• have a Hamilton Depression Rating Scale (HDRS-17) baseline total score greater than 14
  • have a Full Scale IQ greater than 80 as determined by the WTAR
  • be a non-treatment seeking cannabis user
  • evidence of sufficient motivation and effort as measure by a Test of Memory Malingering (TOMM) score greater than 45
  • urinary baseline THC-COOH levels greater than 150 ng/ml

Exclusion Criteria:

  • meets criteria for abuse or dependence of alcohol or other illicit substances within the part 6 months (with the exception of cannabis, nicotine, or caffeine)
  • positive urine screen for illicit substances other than cannabis, nicotine or caffeine
  • current suicidal or homicidal ideation
  • psychotic disorder diagnosis (e.g. schizoaffective disorder, major depression with psychotic features) as determined by the SCID
  • head injury with loss of consciousness greater than 2 minutes or requiring hospitalization
  • neurological or medical condition determined to effect cognition
  • be treatment seeking for cannabis use

Information from the National Library of Medicine

To learn more about this study, you or your doctor may contact the study research staff using the contact information provided by the sponsor.

Please refer to this study by its ClinicalTrials.gov identifier (NCT number): NCT03624933


Contacts
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Contact: Aliya Lucatch, BSc 4165358501 ext 36115 aliya.lucatch@camh.ca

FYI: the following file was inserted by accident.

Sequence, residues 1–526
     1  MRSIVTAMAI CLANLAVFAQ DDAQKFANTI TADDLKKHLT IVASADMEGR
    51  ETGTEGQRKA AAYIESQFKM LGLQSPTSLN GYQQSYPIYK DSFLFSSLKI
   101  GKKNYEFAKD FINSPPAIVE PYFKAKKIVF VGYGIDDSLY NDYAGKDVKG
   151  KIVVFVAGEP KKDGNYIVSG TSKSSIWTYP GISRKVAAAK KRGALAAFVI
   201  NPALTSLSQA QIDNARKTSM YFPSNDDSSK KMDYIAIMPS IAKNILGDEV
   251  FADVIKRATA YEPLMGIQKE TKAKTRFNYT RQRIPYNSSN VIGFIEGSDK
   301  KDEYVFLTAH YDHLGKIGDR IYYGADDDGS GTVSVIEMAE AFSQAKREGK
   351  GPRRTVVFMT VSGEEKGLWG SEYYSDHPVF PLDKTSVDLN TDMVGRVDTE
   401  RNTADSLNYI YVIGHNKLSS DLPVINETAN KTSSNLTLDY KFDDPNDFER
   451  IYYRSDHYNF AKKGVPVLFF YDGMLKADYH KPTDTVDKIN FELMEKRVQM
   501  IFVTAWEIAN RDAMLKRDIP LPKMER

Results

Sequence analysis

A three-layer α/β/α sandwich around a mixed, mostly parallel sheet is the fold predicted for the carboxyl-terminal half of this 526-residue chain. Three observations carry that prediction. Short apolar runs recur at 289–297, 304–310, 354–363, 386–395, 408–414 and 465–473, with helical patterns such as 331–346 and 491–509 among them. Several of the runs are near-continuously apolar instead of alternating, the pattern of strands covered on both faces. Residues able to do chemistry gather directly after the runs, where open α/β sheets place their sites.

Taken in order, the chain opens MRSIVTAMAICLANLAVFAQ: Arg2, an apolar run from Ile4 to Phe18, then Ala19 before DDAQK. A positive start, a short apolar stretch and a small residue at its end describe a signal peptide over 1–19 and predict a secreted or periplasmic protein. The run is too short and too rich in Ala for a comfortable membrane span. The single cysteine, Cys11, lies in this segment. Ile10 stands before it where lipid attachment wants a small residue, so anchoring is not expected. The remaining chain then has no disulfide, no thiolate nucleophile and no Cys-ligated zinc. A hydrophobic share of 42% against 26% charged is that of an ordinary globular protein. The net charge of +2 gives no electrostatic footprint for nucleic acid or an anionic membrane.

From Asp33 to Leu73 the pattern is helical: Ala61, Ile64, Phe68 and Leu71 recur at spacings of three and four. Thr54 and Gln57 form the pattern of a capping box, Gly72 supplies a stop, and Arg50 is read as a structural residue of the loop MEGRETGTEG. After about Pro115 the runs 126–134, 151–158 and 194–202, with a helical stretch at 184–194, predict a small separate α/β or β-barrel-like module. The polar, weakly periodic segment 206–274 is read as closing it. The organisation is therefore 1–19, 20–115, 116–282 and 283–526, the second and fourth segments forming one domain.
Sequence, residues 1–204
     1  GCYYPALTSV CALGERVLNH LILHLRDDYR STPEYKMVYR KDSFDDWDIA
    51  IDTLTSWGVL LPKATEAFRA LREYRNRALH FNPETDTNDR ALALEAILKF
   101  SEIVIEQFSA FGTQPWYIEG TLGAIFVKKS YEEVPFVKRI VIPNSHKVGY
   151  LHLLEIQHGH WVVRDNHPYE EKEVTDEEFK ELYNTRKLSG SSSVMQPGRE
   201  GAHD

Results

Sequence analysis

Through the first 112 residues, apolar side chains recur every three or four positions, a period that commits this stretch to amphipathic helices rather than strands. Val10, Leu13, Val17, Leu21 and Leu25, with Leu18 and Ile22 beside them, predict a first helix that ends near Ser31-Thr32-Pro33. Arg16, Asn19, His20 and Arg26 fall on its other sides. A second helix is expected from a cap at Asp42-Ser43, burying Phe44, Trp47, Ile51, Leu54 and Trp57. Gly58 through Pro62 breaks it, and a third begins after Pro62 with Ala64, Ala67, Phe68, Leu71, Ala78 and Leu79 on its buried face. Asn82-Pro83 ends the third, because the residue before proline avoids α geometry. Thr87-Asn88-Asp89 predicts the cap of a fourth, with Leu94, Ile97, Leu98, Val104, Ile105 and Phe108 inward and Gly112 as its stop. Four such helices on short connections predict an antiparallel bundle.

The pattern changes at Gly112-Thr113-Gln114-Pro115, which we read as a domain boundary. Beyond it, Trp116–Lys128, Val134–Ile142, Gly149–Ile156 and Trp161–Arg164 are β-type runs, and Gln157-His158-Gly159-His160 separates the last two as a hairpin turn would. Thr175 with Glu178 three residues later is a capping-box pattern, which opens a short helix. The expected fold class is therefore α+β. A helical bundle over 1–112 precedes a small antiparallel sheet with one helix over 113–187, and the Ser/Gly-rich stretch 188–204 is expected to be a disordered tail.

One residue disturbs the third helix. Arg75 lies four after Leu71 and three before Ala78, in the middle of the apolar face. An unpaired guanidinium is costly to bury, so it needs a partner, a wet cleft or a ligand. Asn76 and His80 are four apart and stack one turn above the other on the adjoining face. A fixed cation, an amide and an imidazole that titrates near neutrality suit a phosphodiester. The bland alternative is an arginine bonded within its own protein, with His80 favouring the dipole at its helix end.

Contact: Julia Sasiadek, BA 4165358501 ext 33095 julia.sasiadek@camh.ca

Locations
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Canada, Ontario
Centre for Addiction and Mental Health Recruiting
Toronto, Ontario, Canada, M6J1H4
Contact: Tony P George, M.D., FRCPC    4165358501 ext 32662    tony.george@camh.ca   
Principal Investigator: Tony P George, MD, FRCPC         
Sponsors and Collaborators
Centre for Addiction and Mental Health
Investigators
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Principal Investigator: Tony George, M.D., FRCPC Centre for Addiction and Mental Health

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Responsible Party: Tony George, Chief, Addictions Division, Centre for Addiction and Mental Health
ClinicalTrials.gov Identifier: NCT03624933     History of Changes
Other Study ID Numbers: 069/2017
First Posted: August 10, 2018    Key Record Dates
Last Update Posted: March 4, 2019
Last Verified: February 2019

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Studies a U.S. FDA-regulated Drug Product: No
Studies a U.S. FDA-regulated Device Product: No
Keywords provided by Tony George, Centre for Addiction and Mental Health:
Depression
Cognitive Functioning
Cannabis Use Disorder
Additional relevant MeSH terms:
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Disease
Marijuana Abuse
Depressive Disorder
Depressive Disorder, Major
Pathologic Processes
Mood Disorders
Mental Disorders
Substance-Related Disorders
Chemically-Induced Disorders